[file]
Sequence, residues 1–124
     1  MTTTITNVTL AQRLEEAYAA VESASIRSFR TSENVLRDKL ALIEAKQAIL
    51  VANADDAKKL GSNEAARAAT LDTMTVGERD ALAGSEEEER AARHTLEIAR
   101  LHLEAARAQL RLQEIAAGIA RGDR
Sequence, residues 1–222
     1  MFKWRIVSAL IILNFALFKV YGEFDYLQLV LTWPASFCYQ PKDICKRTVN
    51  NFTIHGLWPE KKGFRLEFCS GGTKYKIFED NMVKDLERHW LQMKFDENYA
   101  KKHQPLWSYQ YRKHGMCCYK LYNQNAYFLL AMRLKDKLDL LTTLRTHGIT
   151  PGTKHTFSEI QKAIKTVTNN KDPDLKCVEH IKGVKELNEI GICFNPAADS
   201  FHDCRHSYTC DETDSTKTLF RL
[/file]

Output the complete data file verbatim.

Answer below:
Sequence, residues 1–124
     1  MTTTITNVTL AQRLEEAYAA VESASIRSFR TSENVLRDKL ALIEAKQAIL
    51  VANADDAKKL GSNEAARAAT LDTMTVGERD ALAGSEEEER AARHTLEIAR
   101  LHLEAARAQL RLQEIAAGIA RGDR
Sequence, residues 1–222
     1  MFKWRIVSAL IILNFALFKV YGEFDYLQLV LTWPASFCYQ PKDICKRTVN
    51  NFTIHGLWPE KKGFRLEFCS GGTKYKIFED NMVKDLERHW LQMKFDENYA
   101  KKHQPLWSYQ YRKHGMCCYK LYNQNAYFLL AMRLKDKLDL LTTLRTHGIT
   151  PGTKHTFSEI QKAIKTVTNN KDPDLKCVEH IKGVKELNEI GICFNPAADS
   201  FHDCRHSYTC DETDSTKTLF RL